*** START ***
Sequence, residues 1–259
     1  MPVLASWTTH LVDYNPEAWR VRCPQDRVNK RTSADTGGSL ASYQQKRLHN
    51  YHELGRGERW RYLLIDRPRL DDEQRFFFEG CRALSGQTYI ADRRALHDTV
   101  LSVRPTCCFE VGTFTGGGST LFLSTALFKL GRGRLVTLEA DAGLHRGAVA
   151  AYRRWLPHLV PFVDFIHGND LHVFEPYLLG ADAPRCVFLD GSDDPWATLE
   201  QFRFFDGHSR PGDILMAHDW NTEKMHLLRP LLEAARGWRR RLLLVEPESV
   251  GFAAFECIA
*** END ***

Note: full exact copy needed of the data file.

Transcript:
Sequence, residues 1–259
     1  MPVLASWTTH LVDYNPEAWR VRCPQDRVNK RTSADTGGSL ASYQQKRLHN
    51  YHELGRGERW RYLLIDRPRL DDEQRFFFEG CRALSGQTYI ADRRALHDTV
   101  LSVRPTCCFE VGTFTGGGST LFLSTALFKL GRGRLVTLEA DAGLHRGAVA
   151  AYRRWLPHLV PFVDFIHGND LHVFEPYLLG ADAPRCVFLD GSDDPWATLE
   201  QFRFFDGHSR PGDILMAHDW NTEKMHLLRP LLEAARGWRR RLLLVEPESV
   251  GFAAFECIA